Researchers from Brazilian museum Emílio Goeldi, in the northern state of Pará, have launched an ambitious project: making each of the thousands of animal and plants species that inhabit the Amazon forest available on the Internet.
At the moment, the Center of Biodiversity (which can be accessed here) has a list of some 3,000 species of animals, from mammals to spiders, all of which are native to Pará.
In the new list, researchers want to include images and sounds of each species. The Amazon forest project is intended to eventually be expanded to include other Brazilian states, as well as neighboring countries, like Peru and Colombia.
Even in groups which have been broadly studied, such as mammals and birds, about 10% of Amazonian species are still unknown. And there are lots more if you think of reptiles and amphibians, says biologist Ulisses Galatti, one of the project's coordinators. "We plan to cover all the Brazilian Amazon by the end of the year.
The project will be connected to other online tools in Brazil and abroad whose goal is to count how many living species exist across the whole planet an ambitious task.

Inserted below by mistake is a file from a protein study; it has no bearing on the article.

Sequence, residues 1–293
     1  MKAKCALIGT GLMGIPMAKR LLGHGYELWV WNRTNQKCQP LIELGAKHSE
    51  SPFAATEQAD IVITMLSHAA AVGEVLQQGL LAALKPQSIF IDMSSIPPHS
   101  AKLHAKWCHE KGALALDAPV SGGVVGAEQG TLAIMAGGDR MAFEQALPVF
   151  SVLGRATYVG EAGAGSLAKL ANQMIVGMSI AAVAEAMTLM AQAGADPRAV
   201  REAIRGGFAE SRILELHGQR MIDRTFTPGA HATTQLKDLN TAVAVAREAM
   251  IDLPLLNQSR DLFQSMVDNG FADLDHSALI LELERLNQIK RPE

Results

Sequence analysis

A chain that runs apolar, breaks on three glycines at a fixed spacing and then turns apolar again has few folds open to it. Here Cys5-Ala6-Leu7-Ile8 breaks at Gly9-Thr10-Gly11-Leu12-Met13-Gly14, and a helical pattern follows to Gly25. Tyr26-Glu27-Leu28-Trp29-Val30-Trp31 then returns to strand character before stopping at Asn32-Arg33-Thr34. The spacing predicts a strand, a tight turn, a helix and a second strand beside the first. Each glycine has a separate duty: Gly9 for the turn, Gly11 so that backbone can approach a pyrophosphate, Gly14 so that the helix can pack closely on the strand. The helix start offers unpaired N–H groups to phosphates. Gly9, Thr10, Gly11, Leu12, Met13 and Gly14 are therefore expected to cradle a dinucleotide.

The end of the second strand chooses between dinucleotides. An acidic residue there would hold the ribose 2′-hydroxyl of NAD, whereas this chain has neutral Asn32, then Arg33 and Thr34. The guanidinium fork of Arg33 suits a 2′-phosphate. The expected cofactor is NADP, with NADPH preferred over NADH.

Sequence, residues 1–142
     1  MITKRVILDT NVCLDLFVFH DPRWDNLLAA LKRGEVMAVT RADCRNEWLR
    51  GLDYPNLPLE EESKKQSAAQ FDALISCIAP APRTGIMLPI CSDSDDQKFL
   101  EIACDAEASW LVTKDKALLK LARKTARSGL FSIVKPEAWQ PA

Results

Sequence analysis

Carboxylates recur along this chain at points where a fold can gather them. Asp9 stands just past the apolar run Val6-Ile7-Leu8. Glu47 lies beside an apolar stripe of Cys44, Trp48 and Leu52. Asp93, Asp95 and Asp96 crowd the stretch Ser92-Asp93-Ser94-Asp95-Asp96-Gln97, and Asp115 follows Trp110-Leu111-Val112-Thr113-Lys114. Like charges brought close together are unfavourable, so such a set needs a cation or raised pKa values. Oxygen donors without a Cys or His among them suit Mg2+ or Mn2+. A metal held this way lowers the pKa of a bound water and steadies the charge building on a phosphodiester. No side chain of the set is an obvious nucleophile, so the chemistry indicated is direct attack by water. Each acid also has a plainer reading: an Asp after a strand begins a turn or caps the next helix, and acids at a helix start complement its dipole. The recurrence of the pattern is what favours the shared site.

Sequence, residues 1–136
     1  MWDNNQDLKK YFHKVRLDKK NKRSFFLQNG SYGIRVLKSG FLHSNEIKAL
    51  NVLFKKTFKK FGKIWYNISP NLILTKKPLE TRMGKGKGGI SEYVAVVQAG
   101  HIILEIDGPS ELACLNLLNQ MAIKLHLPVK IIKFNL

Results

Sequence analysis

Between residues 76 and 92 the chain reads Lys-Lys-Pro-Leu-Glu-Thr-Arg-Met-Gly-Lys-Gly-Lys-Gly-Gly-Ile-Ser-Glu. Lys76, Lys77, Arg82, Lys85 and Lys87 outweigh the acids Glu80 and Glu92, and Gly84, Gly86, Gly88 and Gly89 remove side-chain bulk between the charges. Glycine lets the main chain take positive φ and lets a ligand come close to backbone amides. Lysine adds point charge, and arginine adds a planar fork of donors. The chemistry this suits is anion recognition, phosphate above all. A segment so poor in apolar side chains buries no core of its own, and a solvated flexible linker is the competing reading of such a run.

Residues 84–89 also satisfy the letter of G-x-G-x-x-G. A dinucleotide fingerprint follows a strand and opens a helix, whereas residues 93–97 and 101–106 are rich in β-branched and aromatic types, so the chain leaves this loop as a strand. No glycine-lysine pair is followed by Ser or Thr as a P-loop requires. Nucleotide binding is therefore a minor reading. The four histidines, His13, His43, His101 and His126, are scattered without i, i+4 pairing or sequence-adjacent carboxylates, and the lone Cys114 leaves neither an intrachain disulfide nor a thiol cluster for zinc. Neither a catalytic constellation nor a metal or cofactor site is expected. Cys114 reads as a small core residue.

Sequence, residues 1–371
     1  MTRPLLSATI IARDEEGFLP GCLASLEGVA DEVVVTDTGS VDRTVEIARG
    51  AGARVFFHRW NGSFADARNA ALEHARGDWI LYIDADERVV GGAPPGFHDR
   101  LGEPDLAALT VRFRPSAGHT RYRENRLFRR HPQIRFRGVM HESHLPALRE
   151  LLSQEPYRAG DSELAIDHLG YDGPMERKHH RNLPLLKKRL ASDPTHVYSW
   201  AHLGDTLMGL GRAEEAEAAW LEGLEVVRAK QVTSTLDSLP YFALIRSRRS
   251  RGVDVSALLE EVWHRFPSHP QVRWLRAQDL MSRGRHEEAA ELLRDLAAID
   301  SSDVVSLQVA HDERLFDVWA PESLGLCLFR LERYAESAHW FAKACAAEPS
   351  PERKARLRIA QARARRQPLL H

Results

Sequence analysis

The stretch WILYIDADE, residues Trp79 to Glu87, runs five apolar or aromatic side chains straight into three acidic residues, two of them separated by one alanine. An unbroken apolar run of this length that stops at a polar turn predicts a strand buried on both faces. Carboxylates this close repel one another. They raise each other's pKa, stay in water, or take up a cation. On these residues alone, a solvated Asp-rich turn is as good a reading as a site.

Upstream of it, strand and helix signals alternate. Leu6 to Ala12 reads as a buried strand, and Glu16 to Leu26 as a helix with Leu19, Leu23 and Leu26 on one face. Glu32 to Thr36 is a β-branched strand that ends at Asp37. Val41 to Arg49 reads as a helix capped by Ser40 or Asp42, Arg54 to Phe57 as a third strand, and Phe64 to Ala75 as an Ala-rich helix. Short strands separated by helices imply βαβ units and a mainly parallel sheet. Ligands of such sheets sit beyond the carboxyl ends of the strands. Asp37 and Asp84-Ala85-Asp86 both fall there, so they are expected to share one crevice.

Without such basic data, it is difficult to protect areas threatened by human activity, or to study evolution in plants and animals. However, some problems must be overcome, such as the lack of professionals on Systematics, the discipline of Biology that classifies living beings.
Helping other scientists
Right now, the user only has access to scientific names and conservation statuses (if a species is endangered, for example) of species living in Pará.
In the future, any individual species will be listed along with the museum to which their reference models belong, and which served as the original base that researchers used. This is very important information for other scientists, who will be able to say if a similar species is the same as the reference or a different one.
Together with the website, the Goeldi Museum will publish a book named Species of the Millenium, which tallies the 130 new discoveries made by the museum researchers between 2000 and 2011.
Read more from Folha de S. Paulo.
Photo - Alexander Torrenegra